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Viewing: MAE 703 : Direct Energy Conversion

Last approved: Sat, 24 Mar 2018 08:00:22 GMT

Last edit: Fri, 23 Mar 2018 20:42:53 GMT

Change Type
Major
MAE (Mechanical & Aerospace Engr)
703
014445
Dual-Level Course
Cross-listed Course
No
Direct Energy Conversion
Direct Energy Conv
College of Engineering
Mechanical & Aerospace Engr (14MAE)
Term Offering
Spring Only
Offered Every Year
Fall 2018
Previously taught as Special Topics?
Yes
3
 
Course Prefix/NumberSemester/Term OfferedEnrollment
MAE 589Fall 201318
MAE 589Fall 201411
MAE 589Spring 20168
Course Delivery
Face-to-Face (On Campus)

Grading Method
Graded/Audit
3
16
Contact Hours
(Per Week)
Component TypeContact Hours
Lecture3
Course Attribute(s)


If your course includes any of the following competencies, check all that apply.
University Competencies

Course Is Repeatable for Credit
No
 
 
Brendan O'Connor
Associate Professor
full

Open when course_delivery = campus OR course_delivery = blended OR course_delivery = flip
Enrollment ComponentPer SemesterPer SectionMultiple Sections?Comments
Lecture1212NoNone
Open when course_delivery = distance OR course_delivery = online OR course_delivery = remote


Is the course required or an elective for a Curriculum?
No
The course is intended to be an introduction to fundamentals of energy transport and energy conversion concepts from nano to macro scales. The course will cover the state of energy carriers (photons, electrons, and phonons) and their transport characteristics. A focus will be on material properties that dictate energy related processes. The foundational concepts will then be applied to direct energy conversion devices including thermoelectrics and photovoltaics. Finally, the course will cover system analysis of solid-state energy conversion applications.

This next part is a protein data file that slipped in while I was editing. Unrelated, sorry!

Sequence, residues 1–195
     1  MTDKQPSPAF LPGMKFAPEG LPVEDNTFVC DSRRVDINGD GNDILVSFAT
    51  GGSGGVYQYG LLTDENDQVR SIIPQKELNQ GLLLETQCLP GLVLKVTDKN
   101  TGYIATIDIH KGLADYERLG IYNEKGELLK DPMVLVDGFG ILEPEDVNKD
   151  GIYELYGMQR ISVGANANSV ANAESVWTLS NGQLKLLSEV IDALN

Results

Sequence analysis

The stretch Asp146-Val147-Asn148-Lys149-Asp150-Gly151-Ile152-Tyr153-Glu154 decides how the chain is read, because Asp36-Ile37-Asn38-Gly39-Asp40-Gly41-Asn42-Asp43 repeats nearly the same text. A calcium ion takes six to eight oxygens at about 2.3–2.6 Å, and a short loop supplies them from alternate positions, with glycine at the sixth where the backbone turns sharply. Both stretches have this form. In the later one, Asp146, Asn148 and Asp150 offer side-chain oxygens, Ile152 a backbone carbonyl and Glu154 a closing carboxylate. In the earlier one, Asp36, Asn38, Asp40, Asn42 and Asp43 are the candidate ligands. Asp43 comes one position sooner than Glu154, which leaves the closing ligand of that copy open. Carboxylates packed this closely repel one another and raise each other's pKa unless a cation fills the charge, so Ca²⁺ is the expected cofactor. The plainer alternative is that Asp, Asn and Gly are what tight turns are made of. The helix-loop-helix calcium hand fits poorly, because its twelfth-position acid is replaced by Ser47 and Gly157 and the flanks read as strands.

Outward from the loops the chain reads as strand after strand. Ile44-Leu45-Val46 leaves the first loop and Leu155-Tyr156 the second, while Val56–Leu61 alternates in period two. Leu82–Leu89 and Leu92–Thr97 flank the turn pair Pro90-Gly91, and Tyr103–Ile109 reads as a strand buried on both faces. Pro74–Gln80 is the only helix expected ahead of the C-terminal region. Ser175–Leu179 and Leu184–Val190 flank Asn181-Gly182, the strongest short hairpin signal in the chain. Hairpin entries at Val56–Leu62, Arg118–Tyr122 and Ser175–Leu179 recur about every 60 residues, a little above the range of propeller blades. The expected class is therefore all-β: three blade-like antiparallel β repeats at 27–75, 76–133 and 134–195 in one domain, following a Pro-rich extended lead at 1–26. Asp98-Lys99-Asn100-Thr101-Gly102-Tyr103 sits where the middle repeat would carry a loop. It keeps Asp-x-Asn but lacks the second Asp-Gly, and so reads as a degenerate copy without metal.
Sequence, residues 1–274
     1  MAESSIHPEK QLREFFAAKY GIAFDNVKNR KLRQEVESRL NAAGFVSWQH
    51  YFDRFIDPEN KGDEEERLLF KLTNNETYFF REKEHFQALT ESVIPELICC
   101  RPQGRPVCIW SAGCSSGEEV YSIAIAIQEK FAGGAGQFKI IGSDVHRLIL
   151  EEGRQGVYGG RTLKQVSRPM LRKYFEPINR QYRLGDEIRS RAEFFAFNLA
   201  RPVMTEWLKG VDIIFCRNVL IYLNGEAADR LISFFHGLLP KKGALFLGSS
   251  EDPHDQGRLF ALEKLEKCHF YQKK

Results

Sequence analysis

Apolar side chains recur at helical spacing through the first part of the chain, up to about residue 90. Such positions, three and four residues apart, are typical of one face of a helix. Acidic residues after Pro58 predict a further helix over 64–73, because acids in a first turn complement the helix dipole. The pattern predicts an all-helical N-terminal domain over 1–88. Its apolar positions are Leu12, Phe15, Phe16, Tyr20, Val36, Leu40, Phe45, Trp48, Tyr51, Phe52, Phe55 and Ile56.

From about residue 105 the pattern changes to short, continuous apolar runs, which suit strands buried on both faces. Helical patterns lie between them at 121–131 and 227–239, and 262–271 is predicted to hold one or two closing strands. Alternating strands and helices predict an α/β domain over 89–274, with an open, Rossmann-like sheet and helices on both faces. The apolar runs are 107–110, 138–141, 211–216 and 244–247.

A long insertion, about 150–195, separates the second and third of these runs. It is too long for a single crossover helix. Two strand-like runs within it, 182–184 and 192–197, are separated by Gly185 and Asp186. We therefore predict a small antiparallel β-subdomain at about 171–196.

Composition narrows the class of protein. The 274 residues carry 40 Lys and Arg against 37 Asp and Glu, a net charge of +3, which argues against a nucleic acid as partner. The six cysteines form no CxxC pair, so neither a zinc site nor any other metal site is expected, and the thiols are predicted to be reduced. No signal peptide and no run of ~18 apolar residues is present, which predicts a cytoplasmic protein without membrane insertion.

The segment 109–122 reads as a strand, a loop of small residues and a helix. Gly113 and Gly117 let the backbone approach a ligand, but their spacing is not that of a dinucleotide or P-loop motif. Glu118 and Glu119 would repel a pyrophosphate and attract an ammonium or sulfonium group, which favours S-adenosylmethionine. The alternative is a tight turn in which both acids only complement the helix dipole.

This course provides many graduate mechanical engineering students with their first exposure to solid-state energy conversion devices and associate scientific principles. This course is highly complementary to thermodynamics, and statistical thermodynamics offered in the department. Concepts that are related to solid state physics are described that are often new to mechanical engineering graduate students. These concepts are then applied to understand direct energy conversion technologies such as thermoelectrics. Energy conversion is an important aspect of mechanical engineering, and this course covers an important aspect of energy conversion not covered in the graduate MAE curriculum. 


No

Is this a GEP Course?
GEP Categories

Humanities Open when gep_category = HUM
Each course in the Humanities category of the General Education Program will provide instruction and guidance that help students to:
 
 

 
 

 
 

 
 

 
 

 
 

Mathematical Sciences Open when gep_category = MATH
Each course in the Mathematial Sciences category of the General Education Program will provide instruction and guidance that help students to:
 
 

 
 

 
 

 
 

Natural Sciences Open when gep_category = NATSCI